Sorry, that smacks of first class discrimination to me for a country that should know better.
I took the mask pictures, but here is Carol’s report on what she saw and learned:
The original opera theatre was a much smaller structure, constructed beside the Casa Rosada (see Hans’ Blog #3 “A Crappy Day”) near Plaza de Mayo and opened in 1837. Its smaller size was no impediment to obtaining seats as only the Upper Class of the population attended operatic performances.
Then in the late 1800s, after a large influx of mainly Italian immigrants who loved their opera, a new, expanded venue was required. An Italian architect was hired but he died prematurely at the age of 44 before construction could commence. A few years later, his successor was murdered, also at the age of 44. Then the chief financial backer of the project died. Many thought that these deaths were omens of disaster for the project and work on the building halted for some time.
A German architect (much older than 44 years) was eventually hired, so work recommenced and the project was finally completed after 20 years in 1908, under the direction of a fourth architect – a Belgian. The grand opening performance was Giuseppe Verdi’s Aida.
In 2010, the Teatro reopened after five years of renovation. Since then, the group who scientifically measures the acoustics in all the great opera houses of the world has claimed that those of the Teatro Colón are unsurpassed. Pavarotti once complained that this Opera House had one great flaw – the acoustics were so good that every mistake could be heard.
We learned from our guide that many things contribute to the outstanding sound quality.
First, the oval shape of the theatre directs the sound to circulate around the room. Secondly, the sound absorbing qualities of the furnishings and the walls of the first three levels combined with the echo-inducing qualities of the remaining four levels produce a naturally amplified sound with no echo.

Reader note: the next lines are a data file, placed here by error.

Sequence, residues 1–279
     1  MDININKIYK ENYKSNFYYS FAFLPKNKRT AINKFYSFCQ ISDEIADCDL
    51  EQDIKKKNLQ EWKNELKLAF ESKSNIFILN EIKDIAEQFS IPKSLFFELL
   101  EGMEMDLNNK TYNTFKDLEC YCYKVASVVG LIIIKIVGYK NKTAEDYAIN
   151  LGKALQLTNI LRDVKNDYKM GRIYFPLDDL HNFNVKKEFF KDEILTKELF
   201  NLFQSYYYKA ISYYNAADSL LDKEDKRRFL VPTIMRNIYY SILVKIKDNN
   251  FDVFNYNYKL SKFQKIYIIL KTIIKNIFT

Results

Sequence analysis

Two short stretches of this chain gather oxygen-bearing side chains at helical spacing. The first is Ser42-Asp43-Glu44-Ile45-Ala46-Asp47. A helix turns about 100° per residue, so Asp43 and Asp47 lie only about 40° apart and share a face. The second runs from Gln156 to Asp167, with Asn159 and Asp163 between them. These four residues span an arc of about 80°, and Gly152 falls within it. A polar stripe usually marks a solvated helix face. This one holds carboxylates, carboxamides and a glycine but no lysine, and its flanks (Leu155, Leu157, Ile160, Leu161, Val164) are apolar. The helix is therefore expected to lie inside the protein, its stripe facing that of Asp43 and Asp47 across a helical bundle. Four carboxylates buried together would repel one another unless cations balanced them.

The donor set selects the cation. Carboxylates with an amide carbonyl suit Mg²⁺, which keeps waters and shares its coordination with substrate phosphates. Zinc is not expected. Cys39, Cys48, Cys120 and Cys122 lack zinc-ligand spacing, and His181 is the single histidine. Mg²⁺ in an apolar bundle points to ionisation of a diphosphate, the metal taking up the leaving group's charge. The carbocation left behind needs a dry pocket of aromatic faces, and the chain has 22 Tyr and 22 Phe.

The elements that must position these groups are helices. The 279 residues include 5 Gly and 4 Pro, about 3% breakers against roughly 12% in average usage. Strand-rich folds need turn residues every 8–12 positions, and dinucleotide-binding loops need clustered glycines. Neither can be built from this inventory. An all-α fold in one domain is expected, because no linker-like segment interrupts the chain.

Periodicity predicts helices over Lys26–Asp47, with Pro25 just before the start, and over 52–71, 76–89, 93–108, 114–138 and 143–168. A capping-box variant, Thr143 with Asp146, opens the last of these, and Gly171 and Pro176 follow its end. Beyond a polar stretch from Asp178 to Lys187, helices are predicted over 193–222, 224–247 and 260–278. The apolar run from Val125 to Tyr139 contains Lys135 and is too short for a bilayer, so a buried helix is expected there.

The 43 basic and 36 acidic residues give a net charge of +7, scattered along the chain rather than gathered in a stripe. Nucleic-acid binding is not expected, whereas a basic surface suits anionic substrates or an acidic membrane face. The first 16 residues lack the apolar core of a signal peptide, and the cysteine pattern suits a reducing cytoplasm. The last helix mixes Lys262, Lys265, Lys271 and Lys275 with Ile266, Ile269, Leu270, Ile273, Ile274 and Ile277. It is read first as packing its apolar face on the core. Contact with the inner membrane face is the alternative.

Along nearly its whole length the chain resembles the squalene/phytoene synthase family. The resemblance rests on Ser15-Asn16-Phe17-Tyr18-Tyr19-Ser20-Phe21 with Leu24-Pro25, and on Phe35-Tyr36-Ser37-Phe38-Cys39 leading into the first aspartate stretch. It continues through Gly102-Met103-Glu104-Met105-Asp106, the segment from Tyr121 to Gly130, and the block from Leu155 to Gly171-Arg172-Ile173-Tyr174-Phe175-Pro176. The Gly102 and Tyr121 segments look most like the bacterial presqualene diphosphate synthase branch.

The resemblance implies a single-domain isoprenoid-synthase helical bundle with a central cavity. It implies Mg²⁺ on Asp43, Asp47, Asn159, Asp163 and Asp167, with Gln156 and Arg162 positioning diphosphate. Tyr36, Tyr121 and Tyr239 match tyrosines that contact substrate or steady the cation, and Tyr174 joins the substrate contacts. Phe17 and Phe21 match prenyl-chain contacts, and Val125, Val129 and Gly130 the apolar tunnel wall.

Applause, PLEASE !
The Theatre has almost 2500 seats with standing room for an additional 1000. Many visitors for the standing area bring small chairs and take a spot there for an admission of only 40 peso per performance. As well, there are small rooms behind iron grille work on the main floor which would accommodate widows. At one time, widows could not be seen in public for several years after the death of their spouse so these private rooms, each with a private entrance to the outside, allowed the widows to experience the opera secretly. Eva Perón abolished this custom along with many other repressive practices against women.
The cupola in the main theatre is 28 meters above the floor and the huge chandelier is surrounded by a platform (see the gold ring around the chandelier).
Several halls are used as Intermission Halls –
I discovered that the funds raised from the tours provide scholarships for young men and women studying music. The Teatro Colón conducts an opera school, classes in symphonic music, opera art work and staging.
It was an interesting, informative tour led by a delightful, young woman with impeccable English.